Germanic‎ > ‎

South

Now, I know what you’re going to tell me... there’s no such thing as South Germanic!

Since there is already an East, West, and North branch of the germanic language family, the missing South branch is reserved for my germanic constructed language project, which has gone through many names, and will probably go through a few more, but which for the moment is called Theadish or Northeadish (Nurðþþȳðesc).  It was just plain old Theadish until I discovered that there are about six unique constructed germanic languages called Theadish out there, with varying degrees of originality and complexity.

There are also a couple of spin-offs, such as Þiydʒ, which is really a lot more west-germanicky than its Northeadish cousin, and Ōstþȳðesk, which is really just Northeadish with a different gothic-like alphabet, and i’ve envisioned, as i’ve worked on it over the years, maybe a bit of a “slavic” accent.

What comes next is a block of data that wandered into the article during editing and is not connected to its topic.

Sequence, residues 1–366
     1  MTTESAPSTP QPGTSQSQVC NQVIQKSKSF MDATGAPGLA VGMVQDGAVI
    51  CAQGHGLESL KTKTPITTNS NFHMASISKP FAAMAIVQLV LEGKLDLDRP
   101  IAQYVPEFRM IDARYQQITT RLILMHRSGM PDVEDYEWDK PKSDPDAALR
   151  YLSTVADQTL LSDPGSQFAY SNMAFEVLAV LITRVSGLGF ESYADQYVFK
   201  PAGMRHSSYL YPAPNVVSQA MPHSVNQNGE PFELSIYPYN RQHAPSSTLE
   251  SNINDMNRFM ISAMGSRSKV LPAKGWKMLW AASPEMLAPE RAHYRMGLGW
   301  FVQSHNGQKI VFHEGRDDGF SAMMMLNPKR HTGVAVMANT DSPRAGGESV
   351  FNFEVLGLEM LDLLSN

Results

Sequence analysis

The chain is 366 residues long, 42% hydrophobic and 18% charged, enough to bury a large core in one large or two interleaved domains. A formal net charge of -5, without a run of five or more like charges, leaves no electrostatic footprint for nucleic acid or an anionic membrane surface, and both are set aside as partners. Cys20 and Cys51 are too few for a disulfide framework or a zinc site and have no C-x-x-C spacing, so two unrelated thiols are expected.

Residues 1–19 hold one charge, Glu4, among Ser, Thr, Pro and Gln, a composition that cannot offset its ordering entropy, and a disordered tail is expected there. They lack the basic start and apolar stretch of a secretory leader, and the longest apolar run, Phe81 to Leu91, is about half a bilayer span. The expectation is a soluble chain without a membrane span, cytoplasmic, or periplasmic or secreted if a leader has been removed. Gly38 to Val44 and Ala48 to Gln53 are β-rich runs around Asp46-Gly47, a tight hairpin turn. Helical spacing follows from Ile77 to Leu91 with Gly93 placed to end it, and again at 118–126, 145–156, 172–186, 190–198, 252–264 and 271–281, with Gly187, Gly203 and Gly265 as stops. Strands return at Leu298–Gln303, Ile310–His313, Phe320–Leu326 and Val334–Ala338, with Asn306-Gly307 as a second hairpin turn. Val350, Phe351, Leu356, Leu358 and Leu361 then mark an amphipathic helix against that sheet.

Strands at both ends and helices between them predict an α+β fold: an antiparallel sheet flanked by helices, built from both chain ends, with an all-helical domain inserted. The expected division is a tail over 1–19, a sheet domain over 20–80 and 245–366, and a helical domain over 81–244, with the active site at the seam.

I’m not particularly one of those “conlangers” who goes out and tries to create a history and a world and a universe for their speakers to live in; really i just love germanic languages and this is my attempt to roll up all the things i love about them into one big pot, and where conflicts occur, so do dialects like Þiydʒ. For example, i love not using any sort of postalveolar fricatives in Northeadish (e.g. fish = fesc [fɛsk]) – after the Proto-germanic (fiskaz), Gothic (fisks), and Old Norse (fiskr) model – but at the same time, I love that West Germanic uses them in spades (fish, Fisch), so Þiydʒ has lots of them (fec [fɛʃ]).

Northeadish (Nurðþþȳðesc)
Eastheadish (Ōstþȳðesk)
Westheadish (Þiydʒ)